Barb’s Race, July 27, 2013

1044105_565146753524393_1143239417_nChristina’s First 70.3 Distance

In 2010, I first decided I wanted to do a half Ironman distance, and signed up for Vineman 70.3 in 2011 (on the waiting list).  I had done a few Olympic distance races and several sprints, and I wanted to step it up and really challenge myself.   Unfortunately, in April that year, I had a neck injury and had to stop training.  My doctor was never really able to tell me more than “probably a pinched nerve,” but I couldn’t turn my head, was in pain a lot, and bike riding was out of the question.  After several months of PT and chiropractic, I gradually started exercising again – first the elliptical, then spin classes, a little swimming on and off, and finally running about a year later.  I was able to run my first half marathon in Feb. 2013, and felt like I was finally over whatever the neck problem had been.  So in early 2013, I signed up for Barb’s race, trained and raced with GGTC’s TAG to Wildflower program, and did two other training races (Napa HITS Sprint, where I was second in my age group – totally unexpected!! – and Monte Rio Olympic, also a PR for me at 3:05).

By July 2013, when Vineman 70.3 came around, I was anxious to race.  I felt as ready as I was going to get and was afraid of getting injured in the final two weeks.  I really wished that I could do that race two weeks earlier, but had to wait until the end of July for Barb’s.  I started worrying about goal times, and had to keep reminding myself that my original goal had been to “just finish.”

Although the race was on a Saturday, technically what I did on the preceding Thursday morning needs to be included, since that impacted how I felt on race day.

So two days before the race, I was worried because I hadn’t been running in at least 11 days, and running is my weakest sport.  I thought I would go for an easy 3 mile neighborhood run, just to make sure I remembered how to run.  (I was also finally recovered from what was probably a stress fracture that I got right after the ½ marathon, so I was feeling nervous that I wouldn’t be able to keep up my previous pace, which was already slow at about a 10:30 mile.)   Ignoring the advice of my husband David, who always tells me not to run too fast, I set off, thinking, “Well, let’s see how fast I can run.”  I ended up running 3 miles in 27:15, a 9:05 pace – way faster than I had any business running, especially since it was hilly.  I felt winded afterwards, but otherwise OK.  But when I woke up on Friday, I was NOT OK.  My quads were very stiff and sore, and going down the stairs was painful.  How could I have been so stupid?  I know this was not on the Training Peaks schedule and against what Neil had said, especially at the last RST class I went to on Tuesday, which was to take it easy and not do anything to impact my race.  Well, I was stubborn and apparently didn’t listen and now was even more anxious about how my race would go.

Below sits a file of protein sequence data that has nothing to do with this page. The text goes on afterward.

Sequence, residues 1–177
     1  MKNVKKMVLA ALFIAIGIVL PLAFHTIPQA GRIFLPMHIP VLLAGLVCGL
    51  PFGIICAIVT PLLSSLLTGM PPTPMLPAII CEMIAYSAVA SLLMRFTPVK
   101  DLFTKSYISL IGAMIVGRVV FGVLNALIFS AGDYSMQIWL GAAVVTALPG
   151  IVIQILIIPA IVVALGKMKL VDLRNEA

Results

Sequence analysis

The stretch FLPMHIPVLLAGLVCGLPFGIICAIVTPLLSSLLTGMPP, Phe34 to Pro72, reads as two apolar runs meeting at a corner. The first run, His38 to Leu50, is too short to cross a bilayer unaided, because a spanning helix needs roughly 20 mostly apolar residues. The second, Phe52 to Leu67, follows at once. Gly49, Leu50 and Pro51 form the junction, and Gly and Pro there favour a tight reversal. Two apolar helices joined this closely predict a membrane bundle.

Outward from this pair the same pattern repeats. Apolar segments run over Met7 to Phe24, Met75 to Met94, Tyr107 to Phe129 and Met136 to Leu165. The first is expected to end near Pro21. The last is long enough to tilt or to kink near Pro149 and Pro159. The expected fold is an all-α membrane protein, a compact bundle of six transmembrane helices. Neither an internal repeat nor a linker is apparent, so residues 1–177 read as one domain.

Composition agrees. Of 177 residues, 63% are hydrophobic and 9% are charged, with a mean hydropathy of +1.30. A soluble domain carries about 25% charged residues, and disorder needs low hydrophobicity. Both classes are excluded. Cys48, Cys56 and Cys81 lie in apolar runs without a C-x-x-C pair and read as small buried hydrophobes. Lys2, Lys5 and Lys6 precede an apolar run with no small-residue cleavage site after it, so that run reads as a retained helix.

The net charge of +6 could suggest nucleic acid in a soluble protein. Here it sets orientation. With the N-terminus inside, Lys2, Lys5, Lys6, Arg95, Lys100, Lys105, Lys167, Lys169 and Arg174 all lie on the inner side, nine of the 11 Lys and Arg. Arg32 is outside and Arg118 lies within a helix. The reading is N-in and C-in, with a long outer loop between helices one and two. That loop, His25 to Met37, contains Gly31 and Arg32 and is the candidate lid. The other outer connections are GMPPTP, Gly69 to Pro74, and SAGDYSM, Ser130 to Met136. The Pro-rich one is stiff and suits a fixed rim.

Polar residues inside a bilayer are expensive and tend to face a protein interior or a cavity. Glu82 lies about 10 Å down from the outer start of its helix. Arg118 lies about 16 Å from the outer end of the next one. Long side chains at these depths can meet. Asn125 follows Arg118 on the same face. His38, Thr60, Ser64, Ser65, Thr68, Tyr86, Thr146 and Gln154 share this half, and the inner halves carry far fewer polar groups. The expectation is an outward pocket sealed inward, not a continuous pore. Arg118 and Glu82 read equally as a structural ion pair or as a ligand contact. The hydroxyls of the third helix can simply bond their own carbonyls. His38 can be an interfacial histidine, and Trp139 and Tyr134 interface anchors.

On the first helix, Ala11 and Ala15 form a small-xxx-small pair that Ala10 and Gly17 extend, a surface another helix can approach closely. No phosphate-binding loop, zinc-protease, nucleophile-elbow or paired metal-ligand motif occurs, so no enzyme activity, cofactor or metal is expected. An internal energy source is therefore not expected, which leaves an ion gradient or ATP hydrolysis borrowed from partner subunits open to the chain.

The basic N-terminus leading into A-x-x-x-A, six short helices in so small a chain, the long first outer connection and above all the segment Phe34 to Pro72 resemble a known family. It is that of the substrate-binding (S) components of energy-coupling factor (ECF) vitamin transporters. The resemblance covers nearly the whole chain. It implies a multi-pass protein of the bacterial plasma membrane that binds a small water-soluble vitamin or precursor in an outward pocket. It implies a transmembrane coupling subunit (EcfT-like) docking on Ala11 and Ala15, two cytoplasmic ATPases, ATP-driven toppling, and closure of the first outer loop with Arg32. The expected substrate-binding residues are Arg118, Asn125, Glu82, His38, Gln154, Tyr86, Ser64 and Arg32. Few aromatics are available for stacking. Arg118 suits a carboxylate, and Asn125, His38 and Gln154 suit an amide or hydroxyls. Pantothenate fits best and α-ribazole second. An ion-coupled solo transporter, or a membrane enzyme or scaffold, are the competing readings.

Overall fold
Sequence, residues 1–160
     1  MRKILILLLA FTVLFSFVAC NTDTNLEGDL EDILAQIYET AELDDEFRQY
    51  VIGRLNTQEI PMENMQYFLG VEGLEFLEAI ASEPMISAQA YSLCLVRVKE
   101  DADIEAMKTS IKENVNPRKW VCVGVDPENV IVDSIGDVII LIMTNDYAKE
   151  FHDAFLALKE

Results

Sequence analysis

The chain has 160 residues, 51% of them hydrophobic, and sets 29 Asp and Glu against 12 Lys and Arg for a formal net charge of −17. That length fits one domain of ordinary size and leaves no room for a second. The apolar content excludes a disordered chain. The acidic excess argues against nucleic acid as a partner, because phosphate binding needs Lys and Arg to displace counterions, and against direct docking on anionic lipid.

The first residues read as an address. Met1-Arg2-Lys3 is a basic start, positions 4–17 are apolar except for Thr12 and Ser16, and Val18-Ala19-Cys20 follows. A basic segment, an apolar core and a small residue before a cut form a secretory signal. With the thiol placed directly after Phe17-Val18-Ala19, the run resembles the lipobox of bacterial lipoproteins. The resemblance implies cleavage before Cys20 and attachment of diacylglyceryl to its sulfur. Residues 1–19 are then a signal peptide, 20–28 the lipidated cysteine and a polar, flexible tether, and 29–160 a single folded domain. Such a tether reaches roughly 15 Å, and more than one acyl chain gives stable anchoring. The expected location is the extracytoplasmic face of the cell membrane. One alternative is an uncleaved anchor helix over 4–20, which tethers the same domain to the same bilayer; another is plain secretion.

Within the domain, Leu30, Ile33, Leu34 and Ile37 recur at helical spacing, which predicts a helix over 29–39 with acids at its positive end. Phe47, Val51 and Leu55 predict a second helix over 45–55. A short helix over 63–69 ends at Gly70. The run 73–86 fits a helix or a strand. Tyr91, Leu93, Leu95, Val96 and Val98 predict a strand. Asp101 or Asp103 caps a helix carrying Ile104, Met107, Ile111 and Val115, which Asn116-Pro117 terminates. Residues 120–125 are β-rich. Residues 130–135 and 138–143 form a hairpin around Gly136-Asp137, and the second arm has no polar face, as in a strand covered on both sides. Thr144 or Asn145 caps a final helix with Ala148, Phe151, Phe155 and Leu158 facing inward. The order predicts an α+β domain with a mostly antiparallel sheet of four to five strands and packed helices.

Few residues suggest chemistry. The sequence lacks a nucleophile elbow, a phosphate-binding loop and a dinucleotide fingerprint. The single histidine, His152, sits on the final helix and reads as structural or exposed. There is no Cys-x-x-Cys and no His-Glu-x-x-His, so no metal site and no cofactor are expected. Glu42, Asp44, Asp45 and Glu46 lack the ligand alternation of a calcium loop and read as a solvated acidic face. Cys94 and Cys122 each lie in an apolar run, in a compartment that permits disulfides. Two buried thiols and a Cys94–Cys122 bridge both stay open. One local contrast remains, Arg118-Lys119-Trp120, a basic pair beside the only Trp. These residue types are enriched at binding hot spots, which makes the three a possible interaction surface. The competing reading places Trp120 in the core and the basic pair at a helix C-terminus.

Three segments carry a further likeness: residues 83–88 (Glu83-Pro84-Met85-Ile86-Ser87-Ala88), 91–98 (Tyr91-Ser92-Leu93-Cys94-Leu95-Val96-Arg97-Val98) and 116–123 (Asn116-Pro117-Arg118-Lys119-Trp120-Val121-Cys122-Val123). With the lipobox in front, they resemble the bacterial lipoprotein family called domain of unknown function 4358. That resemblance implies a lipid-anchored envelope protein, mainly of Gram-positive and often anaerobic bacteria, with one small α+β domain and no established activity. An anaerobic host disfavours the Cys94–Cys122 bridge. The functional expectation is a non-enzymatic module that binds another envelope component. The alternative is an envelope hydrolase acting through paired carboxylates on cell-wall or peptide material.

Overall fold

On Friday, I went for an easy swim to try to get my quads to relax, but it didn’t really work.  As David and I went to get my race packet Friday afternoon and drop off my run gear at Windsor High School, he asked why I kept doing quad stretches and was walking funny.  He too said that what I had done was not smart – but too late now!  I hoped that another night of sleep would help.

On Saturday morning, at zero dark five hundred hours, I was up and prepping for the race, and my quads felt no better.  I tried to just ignore them and think about something else.  We drove to the Russian River, I set up all my gear, went to the bathroom multiple times, and got into my wetsuit with 30 minutes to spare.  David helped me with some visualization exercises – thinking about completing each leg of the race easily and smoothly.  That helped calm me down, and I was ready to go.

There were only 3 swim waves for Barb’s Race, which went off at three minute intervals, and mine was the third and last.  I got into the water and went to the front of the start line since I am strongest at swimming.  The horn blew and I was off, swimming at a comfortable pace.  I felt like I was toward the front of my group, but in no time, I was encountering yellow caps from the previous age group, and then blue caps from the first age group.  I kept swimming by them – I swam on the inside, directly in line with the red buoys, and every time I had to swim by a buoy on the left, I had to move over into the traffic.  I felt like I was being a little aggressive, swimming between other women and unintentionally jostling them, but I wanted to get away from all these people!  Finally at the turnaround, it thinned out – by that time I had passed about 200 swimmers in the other two age groups!